The forces of temptation caused by the Yetzer Hara are so strong the Talmud (Succah 52a) says,?A person's yetzer hara grows stronger every day, and if Hashem would not help the person, he could never overcome it.? When this particular addiction is a person's nisoyan, he cannot overcome it, no matter how hard he tries without Hashem's help.
In the frum world today, bochurim and adults don't know where to turn. Most walk around feeling they are the only ones who live with this taboo secret they want so desperately to stop. Many teenagers who suffer silently for years think that if they could just get married, the urges will stop and they can begin to do a complete Teshuva. But it usually doesn't work that way. Marriage can sometimes make the situation worse. Because when a spouse finds out it is almost always a devastating blow to their self image. Spouses feel it is their fault, that if they would have just done things differently, their spouse wouldn't have to look elsewhere. Here's what a wife, Rivka, had to say, 2 years after almost getting divorced, upon finding her husband's addiction.
"As Tzvi* spoke about these changes in our marriage, I stepped back from the lime-light and took a look at him for a long moment. In him, I saw a man who had unveiled a terrible and omnipresent temptation; a man who had faced his own humanity and sinfulness; a man who had chosen to fall in the arms of G-d and obey Him step by step, even when the choices were tough. This was a new man: a new husband who inspired me to become a new wife, one who would honor G-d, respect her husband, listen to wise counsel, and immerse herself in a family and community that would help her to build her home well.
With professional help, spouses come to understand that it is not because of them that their spouse has an addiction; it is a disease unlike any other, yet private.
The Road to Recovery
Rabbi Dr. Twersky is a strong advocate of the 12-step programs for people who have fallen into addictive behavior. In his book, Self-Improvement? I'm Jewish?, Rabbi Twersky makes a strong case for every Jew to use the 12 steps to overcome self-defeating behavior.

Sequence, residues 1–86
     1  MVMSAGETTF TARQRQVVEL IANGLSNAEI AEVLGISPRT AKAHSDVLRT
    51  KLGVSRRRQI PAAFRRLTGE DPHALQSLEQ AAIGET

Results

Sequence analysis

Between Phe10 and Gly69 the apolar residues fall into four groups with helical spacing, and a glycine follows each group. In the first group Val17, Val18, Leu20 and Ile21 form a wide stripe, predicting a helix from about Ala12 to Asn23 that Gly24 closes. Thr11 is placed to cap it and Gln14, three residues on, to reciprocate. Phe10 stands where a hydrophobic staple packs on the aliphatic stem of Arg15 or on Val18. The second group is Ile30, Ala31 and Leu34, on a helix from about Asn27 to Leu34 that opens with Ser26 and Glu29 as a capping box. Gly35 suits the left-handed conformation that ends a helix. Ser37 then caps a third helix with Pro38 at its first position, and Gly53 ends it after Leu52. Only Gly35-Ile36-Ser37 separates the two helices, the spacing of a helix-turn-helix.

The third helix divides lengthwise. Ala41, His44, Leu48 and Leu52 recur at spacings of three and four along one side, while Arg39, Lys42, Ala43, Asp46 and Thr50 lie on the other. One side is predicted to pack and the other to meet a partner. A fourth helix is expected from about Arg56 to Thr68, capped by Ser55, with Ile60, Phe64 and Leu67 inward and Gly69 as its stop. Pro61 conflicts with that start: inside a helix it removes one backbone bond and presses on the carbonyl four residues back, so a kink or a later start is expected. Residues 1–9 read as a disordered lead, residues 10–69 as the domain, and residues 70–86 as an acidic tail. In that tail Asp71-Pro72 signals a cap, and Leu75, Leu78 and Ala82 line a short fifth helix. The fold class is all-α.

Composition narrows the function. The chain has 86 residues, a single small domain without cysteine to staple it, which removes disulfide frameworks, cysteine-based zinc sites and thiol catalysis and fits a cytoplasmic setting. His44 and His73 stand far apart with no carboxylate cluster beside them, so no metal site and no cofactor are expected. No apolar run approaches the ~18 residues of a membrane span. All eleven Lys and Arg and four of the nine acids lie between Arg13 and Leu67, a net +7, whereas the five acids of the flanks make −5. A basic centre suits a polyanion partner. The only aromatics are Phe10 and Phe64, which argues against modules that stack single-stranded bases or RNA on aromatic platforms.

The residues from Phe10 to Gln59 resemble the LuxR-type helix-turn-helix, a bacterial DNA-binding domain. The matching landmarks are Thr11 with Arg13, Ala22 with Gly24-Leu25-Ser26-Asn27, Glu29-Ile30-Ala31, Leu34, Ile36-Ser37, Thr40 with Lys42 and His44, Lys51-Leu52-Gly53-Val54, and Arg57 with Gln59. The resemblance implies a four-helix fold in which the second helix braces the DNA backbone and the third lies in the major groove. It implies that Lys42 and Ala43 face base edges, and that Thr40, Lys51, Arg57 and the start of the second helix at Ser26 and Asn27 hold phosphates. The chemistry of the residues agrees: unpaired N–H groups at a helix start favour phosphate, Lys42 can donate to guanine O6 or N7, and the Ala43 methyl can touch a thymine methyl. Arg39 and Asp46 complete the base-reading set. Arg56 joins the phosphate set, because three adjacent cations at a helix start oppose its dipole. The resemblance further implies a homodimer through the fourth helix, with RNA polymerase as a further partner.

A reader of the http://GuardYourEyes.com forum once asked Rabbi Twersky, "Why can't I stop this addiction by learning the classical mussar seforim? Rabbi Twersky answered: "I have attended many mussar shiurim. Everybody understands the importance of mussar, but I doubt if many people walk away with the feeling, "If I deviate from this, I'm dead!" A person sincere in recovery realizes that his very life depends on following the program, not theoretically, but very practically. If people would accept mussar that way, it would work. No one in any mussar shiur I attended has ever spoken up and said, "I tried to do things my way, and I fell right back into my old ways. That helps bring home the message that one's life depends on following the program. No one in a mussar shiur shares strength, hope and courage. These things are what makes the difference.?
The Therapy Option
While the 12 step programs are the foundation for recovery, many addicts find they need more intense therapy to work through abuse, neglect and trauma issues. Most clients are able to heal from these issues by getting in touch with their core emotions. This involves working toward not just cessation of unhealthy behaviors but a life of emotional sobriety, trauma reparation, forgiveness and inner child work.
Why is purity in these areas so important in Judaism? Our sages call Shmiras Habris "Yesod", meaning "Foundation". The foundation of a building is "underground" and no one sees it, yet it holds up the entire building! Shmiras Habris is the hidden part of a Jew, it's the real you. If the foundation of a Jew is weak, his whole spiritual structure is fragile and in grave danger of collapse.
The strengthened awareness of these resources hopefully will inaugurate a first time joining together, for ourselves and for all future generations, to strengthen the foundations of our people!